- I believe that we should start publishing works presented at the symposium that we organize every other year alternating with the conference. This would be a serial publication, each number focusing on a theme relevant to the state of our field.
- I believe that conditions are ripe for PRSA to start publishing its own journal. We have a healthy relationship with the Centro Journal, but we should not believe that one and only one journal should exist in the field of Puerto Rican Studies. I do expect to count with the blessing and the collaboration of our colleagues at the Centro Journal in creating a PRSA journal.
- Awards: We currently give the Frank Bonilla Book Award and the Dissertation Award, now named to honor Virginia Sánchez-Korrol. These not only acknowledge and celebrate scholarly achievements but are useful in enhancing the visibility of those receiving them. I believe that introducing new awards will be beneficial. We could have an award to the best journal article of the year. We could consider separate awards for books on the humanities and books on social sciences. There are, for sure, other ways to focus attention on the meritorious work done by our peers.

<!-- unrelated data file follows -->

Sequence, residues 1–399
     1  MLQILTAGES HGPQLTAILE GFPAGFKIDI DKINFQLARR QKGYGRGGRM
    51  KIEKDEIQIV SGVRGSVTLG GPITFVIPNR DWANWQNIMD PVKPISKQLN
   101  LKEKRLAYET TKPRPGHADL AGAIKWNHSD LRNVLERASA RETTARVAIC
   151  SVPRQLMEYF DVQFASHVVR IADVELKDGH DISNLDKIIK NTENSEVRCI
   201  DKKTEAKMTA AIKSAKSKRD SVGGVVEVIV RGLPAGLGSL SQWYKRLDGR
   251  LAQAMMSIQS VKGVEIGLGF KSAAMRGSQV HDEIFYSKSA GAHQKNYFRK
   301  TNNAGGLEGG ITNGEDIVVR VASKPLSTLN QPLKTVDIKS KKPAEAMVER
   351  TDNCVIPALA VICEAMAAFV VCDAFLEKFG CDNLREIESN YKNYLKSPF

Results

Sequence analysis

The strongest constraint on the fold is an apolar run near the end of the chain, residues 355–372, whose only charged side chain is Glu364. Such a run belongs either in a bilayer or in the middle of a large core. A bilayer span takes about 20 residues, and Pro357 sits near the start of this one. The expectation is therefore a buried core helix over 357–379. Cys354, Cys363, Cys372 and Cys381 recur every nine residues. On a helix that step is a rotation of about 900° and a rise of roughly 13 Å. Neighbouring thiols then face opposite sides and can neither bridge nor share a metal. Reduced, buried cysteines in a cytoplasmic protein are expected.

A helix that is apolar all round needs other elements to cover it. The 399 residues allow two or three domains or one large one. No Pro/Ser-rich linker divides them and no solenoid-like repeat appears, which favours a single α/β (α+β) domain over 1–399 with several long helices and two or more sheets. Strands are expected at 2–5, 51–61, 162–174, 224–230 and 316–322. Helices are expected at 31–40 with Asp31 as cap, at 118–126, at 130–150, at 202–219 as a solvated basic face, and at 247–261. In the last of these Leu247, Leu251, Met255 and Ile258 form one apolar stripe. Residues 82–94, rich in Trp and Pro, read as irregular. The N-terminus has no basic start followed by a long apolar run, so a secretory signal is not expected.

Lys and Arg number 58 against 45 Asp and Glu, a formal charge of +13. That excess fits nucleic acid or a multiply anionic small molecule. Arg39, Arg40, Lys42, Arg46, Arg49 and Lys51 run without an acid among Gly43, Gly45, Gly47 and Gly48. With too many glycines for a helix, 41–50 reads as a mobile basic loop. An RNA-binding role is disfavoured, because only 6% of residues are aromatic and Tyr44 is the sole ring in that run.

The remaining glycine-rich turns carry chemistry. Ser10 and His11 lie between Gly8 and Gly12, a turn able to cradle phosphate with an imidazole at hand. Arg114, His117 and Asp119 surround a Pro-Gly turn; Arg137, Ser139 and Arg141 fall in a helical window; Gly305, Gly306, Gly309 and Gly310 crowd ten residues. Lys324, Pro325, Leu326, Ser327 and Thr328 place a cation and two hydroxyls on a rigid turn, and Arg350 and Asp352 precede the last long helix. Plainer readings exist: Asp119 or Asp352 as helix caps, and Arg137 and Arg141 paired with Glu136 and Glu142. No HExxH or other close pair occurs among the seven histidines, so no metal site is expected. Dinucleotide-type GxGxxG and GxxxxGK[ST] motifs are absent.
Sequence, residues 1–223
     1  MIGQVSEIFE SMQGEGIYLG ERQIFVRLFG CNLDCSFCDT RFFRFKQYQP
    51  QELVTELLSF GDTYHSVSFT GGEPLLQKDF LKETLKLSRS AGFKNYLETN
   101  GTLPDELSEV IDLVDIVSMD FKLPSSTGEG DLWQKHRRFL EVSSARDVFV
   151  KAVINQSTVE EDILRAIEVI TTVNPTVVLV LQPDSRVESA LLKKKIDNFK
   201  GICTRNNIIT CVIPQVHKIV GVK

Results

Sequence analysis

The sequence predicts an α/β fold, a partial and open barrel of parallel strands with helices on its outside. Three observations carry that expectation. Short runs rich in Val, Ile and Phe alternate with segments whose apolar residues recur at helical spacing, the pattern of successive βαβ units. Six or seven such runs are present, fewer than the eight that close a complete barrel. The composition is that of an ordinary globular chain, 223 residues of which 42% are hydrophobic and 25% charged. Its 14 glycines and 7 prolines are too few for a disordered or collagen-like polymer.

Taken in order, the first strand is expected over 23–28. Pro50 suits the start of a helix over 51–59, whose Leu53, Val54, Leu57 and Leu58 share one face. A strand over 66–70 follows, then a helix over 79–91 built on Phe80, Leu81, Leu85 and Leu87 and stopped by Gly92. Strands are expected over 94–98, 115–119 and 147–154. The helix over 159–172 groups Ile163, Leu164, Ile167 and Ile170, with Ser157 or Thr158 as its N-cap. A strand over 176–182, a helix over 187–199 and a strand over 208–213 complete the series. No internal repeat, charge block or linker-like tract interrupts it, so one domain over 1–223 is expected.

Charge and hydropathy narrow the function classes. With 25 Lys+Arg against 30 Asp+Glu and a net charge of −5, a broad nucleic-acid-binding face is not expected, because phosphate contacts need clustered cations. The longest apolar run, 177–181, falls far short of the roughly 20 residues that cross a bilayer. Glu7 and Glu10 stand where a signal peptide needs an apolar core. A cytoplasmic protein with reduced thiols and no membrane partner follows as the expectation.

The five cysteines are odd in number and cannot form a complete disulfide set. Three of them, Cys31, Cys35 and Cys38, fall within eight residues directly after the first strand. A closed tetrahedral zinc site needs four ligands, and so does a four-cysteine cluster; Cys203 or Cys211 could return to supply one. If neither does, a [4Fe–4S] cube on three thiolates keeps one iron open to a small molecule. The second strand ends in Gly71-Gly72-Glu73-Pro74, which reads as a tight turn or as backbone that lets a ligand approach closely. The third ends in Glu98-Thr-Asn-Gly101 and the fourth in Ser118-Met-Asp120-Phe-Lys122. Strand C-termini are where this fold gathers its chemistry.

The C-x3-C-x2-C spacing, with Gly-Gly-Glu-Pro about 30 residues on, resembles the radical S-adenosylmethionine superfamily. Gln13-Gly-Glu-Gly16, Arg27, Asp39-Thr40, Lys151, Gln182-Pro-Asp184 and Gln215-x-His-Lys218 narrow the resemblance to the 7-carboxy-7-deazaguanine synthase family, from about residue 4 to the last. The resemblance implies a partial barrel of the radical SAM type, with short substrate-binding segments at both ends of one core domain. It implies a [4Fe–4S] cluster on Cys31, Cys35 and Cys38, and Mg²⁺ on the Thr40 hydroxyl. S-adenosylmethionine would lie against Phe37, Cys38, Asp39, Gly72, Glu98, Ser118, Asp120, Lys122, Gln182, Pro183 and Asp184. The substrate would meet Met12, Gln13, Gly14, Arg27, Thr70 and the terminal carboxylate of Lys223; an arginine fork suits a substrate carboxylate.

And now, let’s return to the theme of finances. This is one of the main areas where we need to focus. Mainly, we need to change the way we think about finances. PRSA has never been rich. It is an organization created and run by scholars, educators, community activists, and students. The kinds of people known for their intellectual curiosity and their commitment to worthy causes, not for their wealth. We have more humanists than accountants. And when the funding for higher education is being cut, or when we get hit by a hurricane, we are shaken in our spirits and in our pockets. But we can and should do better in sustaining the financial health of this organization.